Carriage Dispute Threatens 'Mad Men' Debut

UPDATED: Some 2.3 million subscribers in the country may lose AMC next week, just days before the Season 4 premiere of the network’s flagship drama Mad Men, which returns July 25. Broadband TV operator AT&T U-verse could drop Rainbow Media’s AMC, WE tv and IFC when the companies’ current carriage deal expires at midnight on July 14 unless a new agreement is reached. AT&T and Rainbow had been negotiating unsuccessfully for the past six months on a new contract to replace their previous one, which expired on July 1. The two sides agreed to a two-week extension but are now at an impasse. Rainbow has started notifying its viewers about the possibility of its 3 channels going dark on AT&T systems. “AT&T is acting in an aggressive manner that puts their corporate interests ahead of their customers,” AMC said in a statement. “We are negotiating in good faith with AT&T and are hopeful that we can reach an agreement as soon as possible so that our viewers don’t lose out.”

Meanwhile, AT&T argued that AMC’s demands are unreasonable. “Based on aggregate data we obtained from third party industry sources and our own subscribers, some of the Rainbow channels are among the least-watched and most overpriced per viewer compared to other major programming providers,” an AT&T spokeswoman said. “They’re also trying to force the renegotiation of a contract for one of their other channels that is not yet expired and force us to carry a new channel that wasn’t even formally presented to us until after the recent July 1 contract extension. We want our customers to know that we can’t and won’t give in to unreasonable deals that unfairly disadvantage our customers.”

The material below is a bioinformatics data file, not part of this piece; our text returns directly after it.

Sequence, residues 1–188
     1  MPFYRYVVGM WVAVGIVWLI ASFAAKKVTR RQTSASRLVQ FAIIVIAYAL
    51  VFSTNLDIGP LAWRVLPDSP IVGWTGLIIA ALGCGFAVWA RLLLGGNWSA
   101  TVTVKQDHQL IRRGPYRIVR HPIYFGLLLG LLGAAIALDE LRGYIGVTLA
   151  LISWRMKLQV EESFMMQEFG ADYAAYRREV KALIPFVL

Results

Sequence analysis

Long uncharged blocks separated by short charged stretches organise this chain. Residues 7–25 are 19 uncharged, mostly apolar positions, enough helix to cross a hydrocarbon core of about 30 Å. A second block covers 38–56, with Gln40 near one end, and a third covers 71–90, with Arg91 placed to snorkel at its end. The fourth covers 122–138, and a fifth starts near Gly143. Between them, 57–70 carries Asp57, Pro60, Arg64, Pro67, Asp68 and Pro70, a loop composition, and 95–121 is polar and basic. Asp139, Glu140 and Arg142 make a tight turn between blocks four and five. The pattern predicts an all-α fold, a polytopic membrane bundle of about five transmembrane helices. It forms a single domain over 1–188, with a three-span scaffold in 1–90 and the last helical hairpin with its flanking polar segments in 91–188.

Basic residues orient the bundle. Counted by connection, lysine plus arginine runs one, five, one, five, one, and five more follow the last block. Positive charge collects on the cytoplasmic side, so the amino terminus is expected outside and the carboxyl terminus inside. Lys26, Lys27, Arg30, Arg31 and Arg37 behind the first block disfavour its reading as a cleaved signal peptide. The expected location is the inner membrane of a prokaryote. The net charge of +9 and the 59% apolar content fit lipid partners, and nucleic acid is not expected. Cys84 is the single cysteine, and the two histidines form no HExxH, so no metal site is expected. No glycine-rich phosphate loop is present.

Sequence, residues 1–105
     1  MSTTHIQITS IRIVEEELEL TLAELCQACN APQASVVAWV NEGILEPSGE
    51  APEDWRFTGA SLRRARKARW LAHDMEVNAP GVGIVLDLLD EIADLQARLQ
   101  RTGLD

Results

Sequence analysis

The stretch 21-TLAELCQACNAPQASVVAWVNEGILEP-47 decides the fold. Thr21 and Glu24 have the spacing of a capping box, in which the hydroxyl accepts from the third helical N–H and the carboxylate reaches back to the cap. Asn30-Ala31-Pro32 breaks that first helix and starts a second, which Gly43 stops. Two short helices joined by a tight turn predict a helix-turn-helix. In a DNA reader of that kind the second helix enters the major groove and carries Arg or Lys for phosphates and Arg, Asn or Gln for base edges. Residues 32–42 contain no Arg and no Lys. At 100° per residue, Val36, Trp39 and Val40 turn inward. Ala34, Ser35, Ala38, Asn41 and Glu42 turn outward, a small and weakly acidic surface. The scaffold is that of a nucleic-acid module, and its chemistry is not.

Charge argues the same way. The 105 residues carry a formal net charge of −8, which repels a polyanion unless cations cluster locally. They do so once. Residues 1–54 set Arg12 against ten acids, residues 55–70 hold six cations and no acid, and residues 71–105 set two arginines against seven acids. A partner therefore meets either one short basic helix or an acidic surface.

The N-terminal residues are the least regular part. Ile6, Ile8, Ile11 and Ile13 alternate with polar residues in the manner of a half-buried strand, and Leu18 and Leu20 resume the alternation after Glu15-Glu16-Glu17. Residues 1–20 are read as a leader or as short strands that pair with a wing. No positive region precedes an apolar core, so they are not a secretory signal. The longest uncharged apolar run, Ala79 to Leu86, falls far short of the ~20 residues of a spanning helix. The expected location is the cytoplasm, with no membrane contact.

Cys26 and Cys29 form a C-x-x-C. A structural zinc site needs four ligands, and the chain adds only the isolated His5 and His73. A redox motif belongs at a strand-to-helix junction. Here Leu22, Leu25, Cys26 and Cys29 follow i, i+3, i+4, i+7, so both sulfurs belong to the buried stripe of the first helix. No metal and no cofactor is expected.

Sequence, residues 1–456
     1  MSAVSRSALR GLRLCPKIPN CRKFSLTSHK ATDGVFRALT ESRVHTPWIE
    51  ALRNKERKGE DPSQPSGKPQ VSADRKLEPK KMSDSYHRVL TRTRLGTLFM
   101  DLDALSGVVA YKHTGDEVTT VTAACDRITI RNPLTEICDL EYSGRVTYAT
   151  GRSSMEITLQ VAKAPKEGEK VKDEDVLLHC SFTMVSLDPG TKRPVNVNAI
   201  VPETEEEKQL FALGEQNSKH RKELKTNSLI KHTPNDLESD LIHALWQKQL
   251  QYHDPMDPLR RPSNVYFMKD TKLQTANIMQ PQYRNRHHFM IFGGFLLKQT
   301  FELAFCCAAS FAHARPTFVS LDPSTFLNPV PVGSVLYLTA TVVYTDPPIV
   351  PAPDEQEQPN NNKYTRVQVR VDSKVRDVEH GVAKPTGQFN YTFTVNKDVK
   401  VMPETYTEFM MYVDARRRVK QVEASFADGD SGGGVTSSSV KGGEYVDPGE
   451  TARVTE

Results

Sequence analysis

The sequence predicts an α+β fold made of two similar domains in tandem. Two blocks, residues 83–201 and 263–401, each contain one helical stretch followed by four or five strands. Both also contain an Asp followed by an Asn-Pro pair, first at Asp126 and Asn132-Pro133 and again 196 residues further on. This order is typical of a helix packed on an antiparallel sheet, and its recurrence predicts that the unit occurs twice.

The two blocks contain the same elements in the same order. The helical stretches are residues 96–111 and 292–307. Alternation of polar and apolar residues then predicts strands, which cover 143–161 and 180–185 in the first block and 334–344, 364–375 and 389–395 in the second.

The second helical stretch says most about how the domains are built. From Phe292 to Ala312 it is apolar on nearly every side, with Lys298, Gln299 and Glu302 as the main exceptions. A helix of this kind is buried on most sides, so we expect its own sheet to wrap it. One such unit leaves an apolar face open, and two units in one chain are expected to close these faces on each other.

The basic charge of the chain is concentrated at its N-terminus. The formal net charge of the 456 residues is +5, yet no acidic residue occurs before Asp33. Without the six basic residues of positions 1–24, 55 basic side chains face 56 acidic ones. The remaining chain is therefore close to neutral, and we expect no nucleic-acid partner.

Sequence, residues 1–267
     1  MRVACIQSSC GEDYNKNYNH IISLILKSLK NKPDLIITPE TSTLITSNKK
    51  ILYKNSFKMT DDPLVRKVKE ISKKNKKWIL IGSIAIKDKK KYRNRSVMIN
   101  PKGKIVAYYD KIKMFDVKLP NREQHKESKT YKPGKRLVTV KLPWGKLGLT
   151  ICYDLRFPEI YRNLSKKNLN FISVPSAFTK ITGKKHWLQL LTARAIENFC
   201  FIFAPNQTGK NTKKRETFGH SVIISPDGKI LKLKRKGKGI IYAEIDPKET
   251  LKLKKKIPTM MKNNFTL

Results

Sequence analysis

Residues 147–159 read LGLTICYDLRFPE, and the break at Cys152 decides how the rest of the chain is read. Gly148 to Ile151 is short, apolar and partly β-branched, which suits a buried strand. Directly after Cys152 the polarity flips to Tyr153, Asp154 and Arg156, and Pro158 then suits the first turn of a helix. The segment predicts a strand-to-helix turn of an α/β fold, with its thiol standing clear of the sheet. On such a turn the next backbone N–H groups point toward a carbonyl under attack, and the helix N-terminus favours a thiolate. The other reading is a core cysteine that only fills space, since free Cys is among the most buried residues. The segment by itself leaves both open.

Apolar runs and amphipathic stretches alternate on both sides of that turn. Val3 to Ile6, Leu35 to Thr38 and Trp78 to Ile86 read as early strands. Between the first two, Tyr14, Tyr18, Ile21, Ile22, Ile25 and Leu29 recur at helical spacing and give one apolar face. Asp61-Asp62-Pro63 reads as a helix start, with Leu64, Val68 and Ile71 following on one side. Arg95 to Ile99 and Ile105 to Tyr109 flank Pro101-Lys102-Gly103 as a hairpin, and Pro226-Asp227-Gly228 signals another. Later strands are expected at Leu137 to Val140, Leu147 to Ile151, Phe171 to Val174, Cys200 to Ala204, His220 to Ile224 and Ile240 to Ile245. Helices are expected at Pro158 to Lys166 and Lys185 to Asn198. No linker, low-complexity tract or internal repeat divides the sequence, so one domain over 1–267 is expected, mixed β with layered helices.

The news comes a day after Mad Men scored 17 Emmy nominations, and AMC netted a total of 26 noms, the most for any basic cable network. Such carriage disputes have become more and more common, and having a blue-chip program at stake has helped the network threatened by yanking so far. The possibility of millions of Fox viewers missing the New Year’s college bowl games pushed through a new carriage agreement with Time Warner, while ABC went dark on Cablevision for only a few hours before it was restored 20 minutes into the network’s Oscar telecast. While Mad Men doesn’t have the wide appeal of college football or the Academy Awards, it is still a marquee cable series with devoted following.

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